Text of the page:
Pedunculopontine nucleus region deep brain stimulation (DBS) is a promising but experimental therapy for axial motor deficits in Parkinson’s disease (PD), particularly gait freezing and falls. Here, we summarise the clinical application and outcomes reported during the past 10 years.
Impulse control disorders and dyskinesia are common and disabling complications of dopaminergic treatment in Parkinson’s disease. They may coexist and are possibly related. The objectives of this study were to assess the frequency and severity of impulse control disorders in Parkinson’s disease patients with dyskinesia.
A number of genetic loci are associated with risk for Parkinson’s disease (PD) based on genome-wide association studies; however, the relationship between genetic variants and nigrostriatal degeneration, which is the structural correlate of parkinsonism, has not been reported.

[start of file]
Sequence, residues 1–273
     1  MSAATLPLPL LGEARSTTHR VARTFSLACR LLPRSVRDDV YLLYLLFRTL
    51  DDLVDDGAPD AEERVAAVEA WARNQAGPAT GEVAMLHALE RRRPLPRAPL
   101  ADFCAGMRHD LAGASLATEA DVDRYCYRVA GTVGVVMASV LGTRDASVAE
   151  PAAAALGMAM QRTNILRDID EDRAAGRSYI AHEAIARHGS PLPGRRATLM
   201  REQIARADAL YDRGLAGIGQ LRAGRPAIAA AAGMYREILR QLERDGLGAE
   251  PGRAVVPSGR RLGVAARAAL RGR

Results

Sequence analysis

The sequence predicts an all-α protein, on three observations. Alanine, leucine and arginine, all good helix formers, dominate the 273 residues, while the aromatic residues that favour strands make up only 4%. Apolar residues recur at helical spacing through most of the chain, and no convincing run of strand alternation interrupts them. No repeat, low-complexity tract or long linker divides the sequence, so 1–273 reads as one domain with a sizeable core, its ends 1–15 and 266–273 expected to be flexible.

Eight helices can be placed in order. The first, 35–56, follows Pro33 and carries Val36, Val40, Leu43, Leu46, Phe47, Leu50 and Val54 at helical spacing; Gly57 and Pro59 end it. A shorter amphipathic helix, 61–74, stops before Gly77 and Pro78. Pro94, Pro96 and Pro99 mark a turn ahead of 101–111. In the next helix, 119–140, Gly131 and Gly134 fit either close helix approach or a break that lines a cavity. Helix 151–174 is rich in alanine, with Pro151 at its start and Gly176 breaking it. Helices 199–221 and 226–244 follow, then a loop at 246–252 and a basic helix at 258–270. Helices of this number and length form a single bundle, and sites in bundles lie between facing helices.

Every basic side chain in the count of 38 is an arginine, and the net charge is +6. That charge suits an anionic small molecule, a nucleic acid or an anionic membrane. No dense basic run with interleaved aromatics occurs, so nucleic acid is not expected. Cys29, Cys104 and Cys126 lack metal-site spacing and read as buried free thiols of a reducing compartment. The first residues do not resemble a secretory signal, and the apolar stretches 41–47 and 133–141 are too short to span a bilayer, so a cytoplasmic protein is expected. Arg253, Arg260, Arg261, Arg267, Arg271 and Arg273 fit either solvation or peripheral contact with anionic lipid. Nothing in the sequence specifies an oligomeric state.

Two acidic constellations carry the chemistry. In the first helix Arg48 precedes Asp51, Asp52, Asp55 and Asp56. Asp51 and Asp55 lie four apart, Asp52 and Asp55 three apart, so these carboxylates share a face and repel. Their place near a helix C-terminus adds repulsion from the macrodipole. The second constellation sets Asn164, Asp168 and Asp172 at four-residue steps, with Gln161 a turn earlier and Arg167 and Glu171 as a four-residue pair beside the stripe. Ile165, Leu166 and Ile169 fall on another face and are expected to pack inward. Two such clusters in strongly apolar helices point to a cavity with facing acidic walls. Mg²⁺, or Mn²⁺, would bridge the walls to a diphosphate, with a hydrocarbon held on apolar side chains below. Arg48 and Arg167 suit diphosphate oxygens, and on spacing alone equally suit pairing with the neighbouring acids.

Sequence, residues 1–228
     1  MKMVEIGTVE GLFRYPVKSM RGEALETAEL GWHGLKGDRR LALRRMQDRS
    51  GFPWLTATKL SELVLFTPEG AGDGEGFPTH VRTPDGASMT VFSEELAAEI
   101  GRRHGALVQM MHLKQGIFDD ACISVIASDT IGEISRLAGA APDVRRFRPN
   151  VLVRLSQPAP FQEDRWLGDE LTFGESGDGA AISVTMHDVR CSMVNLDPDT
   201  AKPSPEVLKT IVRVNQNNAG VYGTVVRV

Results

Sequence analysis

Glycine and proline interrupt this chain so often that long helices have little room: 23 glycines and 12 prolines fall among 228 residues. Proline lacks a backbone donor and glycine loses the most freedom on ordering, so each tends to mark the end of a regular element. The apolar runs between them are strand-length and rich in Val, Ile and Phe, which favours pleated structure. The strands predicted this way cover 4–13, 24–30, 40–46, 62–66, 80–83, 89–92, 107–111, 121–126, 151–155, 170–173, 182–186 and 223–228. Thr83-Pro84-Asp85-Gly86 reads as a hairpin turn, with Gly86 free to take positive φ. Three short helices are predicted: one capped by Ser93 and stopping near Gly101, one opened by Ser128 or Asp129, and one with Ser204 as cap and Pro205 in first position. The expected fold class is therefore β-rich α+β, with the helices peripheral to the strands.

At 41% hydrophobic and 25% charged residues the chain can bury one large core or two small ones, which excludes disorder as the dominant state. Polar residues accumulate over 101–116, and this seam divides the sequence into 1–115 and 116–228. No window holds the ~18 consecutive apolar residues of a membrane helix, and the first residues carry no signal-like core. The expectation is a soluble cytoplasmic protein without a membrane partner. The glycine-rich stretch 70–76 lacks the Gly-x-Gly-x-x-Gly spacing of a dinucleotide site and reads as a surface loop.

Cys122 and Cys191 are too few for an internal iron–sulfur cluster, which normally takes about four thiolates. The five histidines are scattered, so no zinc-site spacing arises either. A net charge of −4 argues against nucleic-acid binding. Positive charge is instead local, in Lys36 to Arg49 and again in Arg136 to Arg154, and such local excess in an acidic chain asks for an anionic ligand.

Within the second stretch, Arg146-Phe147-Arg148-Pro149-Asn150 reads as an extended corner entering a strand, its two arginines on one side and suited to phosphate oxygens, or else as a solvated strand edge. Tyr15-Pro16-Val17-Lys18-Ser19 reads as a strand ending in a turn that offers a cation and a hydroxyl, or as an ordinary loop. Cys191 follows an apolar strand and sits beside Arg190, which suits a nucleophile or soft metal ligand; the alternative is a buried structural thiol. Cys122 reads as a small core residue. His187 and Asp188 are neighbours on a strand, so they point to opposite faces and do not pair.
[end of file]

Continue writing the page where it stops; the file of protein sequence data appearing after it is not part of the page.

We quantified nigrostriatal dopaminergic integrity with image analysis of putaminal tyrosine hydroxylase immunoreactivity in 492 brains with Lewy body disease and used this pathologic endophenotype to explore possible association with PD genetic variants.
Background: Impulse control disorders can be triggered by dopamine replacement therapies in patients with PD. Using resting-state functional MRI, we investigated the intrinsic brain network connectivity at baseline in a cohort of drug-naive PD patients who successively developed impulse control disorders over a 36-month follow-up period compared with patients who did not.
Background: Recent neuroimaging studies implicate nigrostriatal degeneration as a critical factor in producing late-onset parkinsonism in patients with l-dopa-responsive dystonia-causing mutations. However, postmortem anatomical studies do not reveal neurodegeneration in l-dopa-responsive dystonia patients. These contrasting findings make it unclear how parkinsonism develops in l-dopa-responsive dystonia mutation carriers.